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Dried out leather cords

For the last year or so I’ve been hanging some of my PMC pendants
and colorful bead burst pendants on leather cord to incorporate some
price points significantly lower than those pendants hanging on snake
chain, hand made wire-wrapped links, or chain maille. But I’ve twice
now had pieces come back due to split leather. That is, a particular
point in the leather was so dry that an inadvertent kink in the cord
allowed it to break in two.

I bought several large spools of brown and black Greek leather cord
in a couple of different diameters three or four years ago, just a
bit before we were packing up and relocating ourselves. So it had
been laying around for a while before I began using it. I understand
it makes sense to condition it now as I use it, but is it too late
for these particular spools? Or would a good overnight soak in
Leather CPR repair the damage for future use? I cringe at the idea of
tossing it all. Any similar experiences with dried out leather cord?

Looking forward to Springing Ahead on March 9… spring cannot come
soon enough up here in the land of snow!


Or would a good overnight soak in Leather CPR repair the damage for
future use? I cringe at the idea of tossing it all. Any similar
experiences with dried out leather cord?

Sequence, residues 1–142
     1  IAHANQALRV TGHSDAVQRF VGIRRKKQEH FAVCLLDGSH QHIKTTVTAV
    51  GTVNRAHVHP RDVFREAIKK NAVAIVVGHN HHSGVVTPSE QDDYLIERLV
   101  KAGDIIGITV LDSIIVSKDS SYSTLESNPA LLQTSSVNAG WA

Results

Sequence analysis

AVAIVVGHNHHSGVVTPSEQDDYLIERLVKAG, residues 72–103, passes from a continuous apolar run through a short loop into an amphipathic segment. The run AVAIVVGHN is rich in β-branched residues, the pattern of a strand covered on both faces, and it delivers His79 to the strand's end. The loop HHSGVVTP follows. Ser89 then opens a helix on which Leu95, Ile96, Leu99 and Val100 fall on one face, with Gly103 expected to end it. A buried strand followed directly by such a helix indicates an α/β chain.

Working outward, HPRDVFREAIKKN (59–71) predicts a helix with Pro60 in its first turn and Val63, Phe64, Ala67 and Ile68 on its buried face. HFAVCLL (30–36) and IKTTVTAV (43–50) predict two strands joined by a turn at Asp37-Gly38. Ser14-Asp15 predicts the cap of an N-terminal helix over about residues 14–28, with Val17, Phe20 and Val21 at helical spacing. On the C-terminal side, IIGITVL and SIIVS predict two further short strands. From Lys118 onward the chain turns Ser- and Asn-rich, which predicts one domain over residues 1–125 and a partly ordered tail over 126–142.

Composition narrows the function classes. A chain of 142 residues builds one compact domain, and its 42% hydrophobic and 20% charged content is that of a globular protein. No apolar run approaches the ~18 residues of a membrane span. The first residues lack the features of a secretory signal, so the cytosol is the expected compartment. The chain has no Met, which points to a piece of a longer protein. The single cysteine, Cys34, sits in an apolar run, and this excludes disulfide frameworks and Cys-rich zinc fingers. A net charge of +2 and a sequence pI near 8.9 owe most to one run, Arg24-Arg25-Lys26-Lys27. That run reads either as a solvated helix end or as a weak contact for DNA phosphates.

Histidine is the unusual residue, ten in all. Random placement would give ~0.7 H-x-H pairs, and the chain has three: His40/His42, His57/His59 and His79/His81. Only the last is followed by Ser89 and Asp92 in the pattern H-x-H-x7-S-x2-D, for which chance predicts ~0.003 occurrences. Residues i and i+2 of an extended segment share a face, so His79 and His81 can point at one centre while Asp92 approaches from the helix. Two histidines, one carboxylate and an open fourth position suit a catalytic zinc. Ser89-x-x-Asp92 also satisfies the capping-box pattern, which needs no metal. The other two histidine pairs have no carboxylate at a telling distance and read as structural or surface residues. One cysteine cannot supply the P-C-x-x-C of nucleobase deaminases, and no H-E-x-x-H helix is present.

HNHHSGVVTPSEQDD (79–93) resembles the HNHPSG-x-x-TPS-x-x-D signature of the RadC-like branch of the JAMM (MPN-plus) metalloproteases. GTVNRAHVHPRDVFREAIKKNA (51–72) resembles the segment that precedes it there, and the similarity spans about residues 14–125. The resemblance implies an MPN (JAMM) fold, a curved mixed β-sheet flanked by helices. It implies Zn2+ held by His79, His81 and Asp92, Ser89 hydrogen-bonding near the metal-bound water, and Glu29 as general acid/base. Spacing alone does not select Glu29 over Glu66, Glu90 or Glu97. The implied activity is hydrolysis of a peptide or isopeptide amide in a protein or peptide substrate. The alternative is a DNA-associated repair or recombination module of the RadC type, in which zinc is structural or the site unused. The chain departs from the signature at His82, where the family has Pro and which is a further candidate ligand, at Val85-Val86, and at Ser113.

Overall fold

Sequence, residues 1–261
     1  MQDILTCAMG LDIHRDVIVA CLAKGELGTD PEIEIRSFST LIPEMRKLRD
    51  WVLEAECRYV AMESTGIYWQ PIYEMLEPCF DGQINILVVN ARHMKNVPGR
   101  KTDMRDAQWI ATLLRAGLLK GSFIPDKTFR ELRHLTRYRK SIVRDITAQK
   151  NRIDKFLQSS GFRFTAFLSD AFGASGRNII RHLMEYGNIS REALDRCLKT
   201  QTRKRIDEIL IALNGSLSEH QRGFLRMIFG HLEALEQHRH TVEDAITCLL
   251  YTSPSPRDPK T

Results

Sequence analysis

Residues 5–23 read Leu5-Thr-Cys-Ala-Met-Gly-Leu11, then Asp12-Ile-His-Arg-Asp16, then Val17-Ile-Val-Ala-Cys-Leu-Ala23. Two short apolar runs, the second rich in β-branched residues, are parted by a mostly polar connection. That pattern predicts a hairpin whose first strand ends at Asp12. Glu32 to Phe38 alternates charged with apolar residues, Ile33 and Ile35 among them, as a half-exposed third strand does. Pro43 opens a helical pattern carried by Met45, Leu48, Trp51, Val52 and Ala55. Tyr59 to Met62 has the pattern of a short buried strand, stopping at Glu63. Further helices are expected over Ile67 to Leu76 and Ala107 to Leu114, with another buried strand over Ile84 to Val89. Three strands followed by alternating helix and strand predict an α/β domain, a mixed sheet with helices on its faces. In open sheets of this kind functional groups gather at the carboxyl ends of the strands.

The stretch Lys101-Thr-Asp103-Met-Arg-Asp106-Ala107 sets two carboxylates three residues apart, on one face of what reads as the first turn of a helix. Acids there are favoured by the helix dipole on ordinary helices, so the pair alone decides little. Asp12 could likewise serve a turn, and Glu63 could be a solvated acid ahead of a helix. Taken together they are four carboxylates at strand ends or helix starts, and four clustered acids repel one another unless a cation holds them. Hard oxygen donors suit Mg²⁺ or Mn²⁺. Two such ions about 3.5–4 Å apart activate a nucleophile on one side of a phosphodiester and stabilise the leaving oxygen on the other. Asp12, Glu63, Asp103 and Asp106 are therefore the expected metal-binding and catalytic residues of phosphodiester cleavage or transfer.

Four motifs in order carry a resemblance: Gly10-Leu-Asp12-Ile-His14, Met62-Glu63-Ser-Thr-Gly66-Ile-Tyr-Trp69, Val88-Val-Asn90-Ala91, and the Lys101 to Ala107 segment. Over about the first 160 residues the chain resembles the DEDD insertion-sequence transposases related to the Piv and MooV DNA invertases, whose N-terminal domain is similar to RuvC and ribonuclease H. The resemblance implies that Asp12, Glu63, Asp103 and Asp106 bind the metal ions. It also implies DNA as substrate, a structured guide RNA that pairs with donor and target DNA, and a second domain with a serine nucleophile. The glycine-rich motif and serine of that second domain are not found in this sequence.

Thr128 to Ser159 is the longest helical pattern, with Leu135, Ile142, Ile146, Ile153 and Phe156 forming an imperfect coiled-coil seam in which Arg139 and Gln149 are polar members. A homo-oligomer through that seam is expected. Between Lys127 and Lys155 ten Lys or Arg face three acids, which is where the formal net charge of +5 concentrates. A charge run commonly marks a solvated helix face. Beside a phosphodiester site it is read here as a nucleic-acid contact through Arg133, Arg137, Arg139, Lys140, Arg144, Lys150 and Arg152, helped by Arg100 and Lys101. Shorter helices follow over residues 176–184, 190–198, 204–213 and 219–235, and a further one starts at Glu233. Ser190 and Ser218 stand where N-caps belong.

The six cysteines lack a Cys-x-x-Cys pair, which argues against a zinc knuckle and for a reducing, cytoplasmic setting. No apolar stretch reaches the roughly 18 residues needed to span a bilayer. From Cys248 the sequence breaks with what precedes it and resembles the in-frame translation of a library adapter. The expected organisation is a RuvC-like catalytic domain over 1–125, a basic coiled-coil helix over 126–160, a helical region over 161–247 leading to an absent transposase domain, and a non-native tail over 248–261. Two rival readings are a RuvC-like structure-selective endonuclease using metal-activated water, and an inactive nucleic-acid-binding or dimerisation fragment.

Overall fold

Leather, I can talk about (my metal and lapidary are mostly findings
for my leather pieces). Leather CPR is a basically a lanolin balm,
and can’t hurt. Read the instructions carefully and don’t
oversaturate the leather. It sounds like your cord’s been allowed
to dry out too much.

Treat a chunk of each spool and set them aide for a couple of days
and then give them a bit of a stress test. If the dry rot has made it
all the way through the material, all of the leather dressing in the
world will not save it. Hopefully if you can get the strength back
into the grain layer, it may be ok.

Be careful with overloading leather with dressings. It will make it
feel better, initially, but in the long run, it will essentially rot
from the inside out. For storing natural leather like this, the best
bet is a large zip bag, but don’t seal it completely. The small
rubbermaid tubs are good as well. That way it can breath and you
don’t get mold/mildew issues, but it’s less likely to dry out. Also
keep your leather away from climate control vents.

Ron Charlotte – Gainesville, FL

I learned to ride a horse about the same time I learned to walk. I
grew up on the edge of the Arizona desert. As a kid when you beg for
a puppy or a pony some grown-up always says those words “It’s yours;
YOU take care of it!”. Well, if “it” is a horse, that means taking
care of and repairing the leather saddle and bridle and other
assorted leather horse related goods as well. I speak from experience
when I say pleeeeese do not soak the old leather thong in anything.
You will have a sorry mushy mess 'o hide goo.

Buy a tin of saddle soap (bottom shelf, paste wax shoe polish section
of the grocery store) and use it on the thong. You will have to